That Bernake quote dates from February of 2007, the National Bureau of Economic Research points to December of 2007 as the beginning of the recession, or as is otherwise know, the Great Recession.  There are countless indicators, forecasting models, and truly intelligent people who are constantly pocking and prodding at the data but it is just not possible to predict the future, not for anyone. In fact Warren Buffet himself had this to say about predictions:

“The cemetery for seers has a huge section set aside for macro forecasters. We have in fact made few macro forecasts at Berkshire, and we have seldom seen others make them with sustained success.”

For all the doom and gloom, there are also a lot of reasons pointing to a positive outlook for the U.S. economic forecasts of 2016.  Take for instance the unemployment rate which was at 4.9 percent in January and continued on at the same rate through to February.  That is the lowest it has been since April of 2008, it’s the first time it has been under 5 percent in 8 years.  Along with the unemployment numbers there was some very strong job growth, in fact job growth far exceeded economist’s earlier expectations.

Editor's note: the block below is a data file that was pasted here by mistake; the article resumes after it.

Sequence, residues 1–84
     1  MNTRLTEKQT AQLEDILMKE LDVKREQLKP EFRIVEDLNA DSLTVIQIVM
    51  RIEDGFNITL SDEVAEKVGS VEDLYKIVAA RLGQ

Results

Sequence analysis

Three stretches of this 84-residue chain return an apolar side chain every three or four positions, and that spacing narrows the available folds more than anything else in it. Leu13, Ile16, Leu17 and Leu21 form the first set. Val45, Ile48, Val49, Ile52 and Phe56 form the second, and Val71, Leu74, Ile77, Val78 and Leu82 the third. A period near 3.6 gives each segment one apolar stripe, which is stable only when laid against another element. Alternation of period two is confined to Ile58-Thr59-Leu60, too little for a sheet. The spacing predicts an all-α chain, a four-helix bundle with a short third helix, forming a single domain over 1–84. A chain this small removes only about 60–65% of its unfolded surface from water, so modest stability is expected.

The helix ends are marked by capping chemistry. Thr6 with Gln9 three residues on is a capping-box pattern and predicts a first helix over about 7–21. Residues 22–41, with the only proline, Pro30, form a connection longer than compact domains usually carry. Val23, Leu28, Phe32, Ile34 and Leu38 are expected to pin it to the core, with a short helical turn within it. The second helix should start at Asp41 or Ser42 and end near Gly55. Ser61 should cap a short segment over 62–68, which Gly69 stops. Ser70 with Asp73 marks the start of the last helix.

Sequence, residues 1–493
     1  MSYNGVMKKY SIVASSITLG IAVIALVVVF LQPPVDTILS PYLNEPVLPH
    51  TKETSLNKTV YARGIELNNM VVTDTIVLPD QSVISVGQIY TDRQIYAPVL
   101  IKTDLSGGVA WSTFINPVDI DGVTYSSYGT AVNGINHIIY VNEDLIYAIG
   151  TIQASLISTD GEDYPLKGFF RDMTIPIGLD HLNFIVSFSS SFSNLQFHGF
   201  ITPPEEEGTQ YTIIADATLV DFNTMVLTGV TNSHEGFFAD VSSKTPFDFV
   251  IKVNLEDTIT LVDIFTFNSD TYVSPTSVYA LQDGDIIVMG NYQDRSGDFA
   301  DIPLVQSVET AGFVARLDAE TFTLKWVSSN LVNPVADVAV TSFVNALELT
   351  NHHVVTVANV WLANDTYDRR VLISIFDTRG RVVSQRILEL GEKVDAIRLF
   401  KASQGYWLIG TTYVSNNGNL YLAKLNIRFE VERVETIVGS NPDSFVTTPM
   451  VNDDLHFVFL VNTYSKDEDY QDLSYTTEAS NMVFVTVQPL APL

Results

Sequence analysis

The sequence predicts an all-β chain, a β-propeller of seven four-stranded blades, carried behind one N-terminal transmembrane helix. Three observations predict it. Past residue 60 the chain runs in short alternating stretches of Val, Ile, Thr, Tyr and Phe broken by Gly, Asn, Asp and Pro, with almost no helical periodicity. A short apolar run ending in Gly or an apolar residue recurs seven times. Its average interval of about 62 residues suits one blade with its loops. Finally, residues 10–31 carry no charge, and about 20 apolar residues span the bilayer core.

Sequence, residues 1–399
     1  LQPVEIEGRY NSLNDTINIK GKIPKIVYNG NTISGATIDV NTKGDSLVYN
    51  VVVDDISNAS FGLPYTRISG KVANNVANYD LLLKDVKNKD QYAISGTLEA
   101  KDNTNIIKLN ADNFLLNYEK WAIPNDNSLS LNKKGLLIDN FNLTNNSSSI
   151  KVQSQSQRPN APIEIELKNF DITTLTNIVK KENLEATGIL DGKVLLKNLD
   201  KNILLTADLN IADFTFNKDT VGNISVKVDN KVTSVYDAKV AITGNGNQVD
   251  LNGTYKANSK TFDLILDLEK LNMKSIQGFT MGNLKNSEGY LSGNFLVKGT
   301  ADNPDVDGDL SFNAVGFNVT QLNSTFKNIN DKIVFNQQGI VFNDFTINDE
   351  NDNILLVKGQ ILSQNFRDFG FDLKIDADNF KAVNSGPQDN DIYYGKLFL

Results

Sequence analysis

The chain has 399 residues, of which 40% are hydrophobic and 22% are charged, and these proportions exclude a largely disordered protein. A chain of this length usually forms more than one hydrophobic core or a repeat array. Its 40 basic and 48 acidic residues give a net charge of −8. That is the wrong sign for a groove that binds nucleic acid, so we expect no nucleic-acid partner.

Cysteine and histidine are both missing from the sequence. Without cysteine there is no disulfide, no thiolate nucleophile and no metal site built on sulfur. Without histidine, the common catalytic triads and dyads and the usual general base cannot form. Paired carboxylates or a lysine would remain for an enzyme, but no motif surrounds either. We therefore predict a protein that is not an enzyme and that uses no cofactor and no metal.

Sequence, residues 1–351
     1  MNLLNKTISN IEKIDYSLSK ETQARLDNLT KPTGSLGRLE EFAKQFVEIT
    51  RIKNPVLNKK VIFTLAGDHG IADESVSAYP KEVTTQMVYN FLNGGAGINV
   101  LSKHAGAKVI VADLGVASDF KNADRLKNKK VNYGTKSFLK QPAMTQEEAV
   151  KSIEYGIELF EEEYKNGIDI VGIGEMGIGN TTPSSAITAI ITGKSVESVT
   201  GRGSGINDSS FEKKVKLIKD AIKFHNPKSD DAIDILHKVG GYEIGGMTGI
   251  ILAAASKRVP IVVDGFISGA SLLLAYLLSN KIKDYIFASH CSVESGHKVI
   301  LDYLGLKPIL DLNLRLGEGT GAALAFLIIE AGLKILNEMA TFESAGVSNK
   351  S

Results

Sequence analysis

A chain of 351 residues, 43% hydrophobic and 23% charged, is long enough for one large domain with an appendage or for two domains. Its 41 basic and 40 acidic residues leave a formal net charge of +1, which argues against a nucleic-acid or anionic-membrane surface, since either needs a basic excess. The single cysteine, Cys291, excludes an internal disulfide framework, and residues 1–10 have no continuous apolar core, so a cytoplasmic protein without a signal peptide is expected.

The markets should also find some amount of pricing stability as the presidential election cycle moves closer to its conclusion and less uncertainty.  In general the markets react better when the unknowns in terms of candidates is reduced, i.e. fewer candidates remaining with fewer variations to look at. 

That’s just in general though, no seers over here.

The thing about worrying about a recession is that any feelings on the subject also feed into the wisdom that makes up stock prices.  There are indicators, and the market itself is one, but the thing is the market often overshoots or undershoots what is happening.  It's often impossible to tell if prices are as they should be until later, hindsight and all that.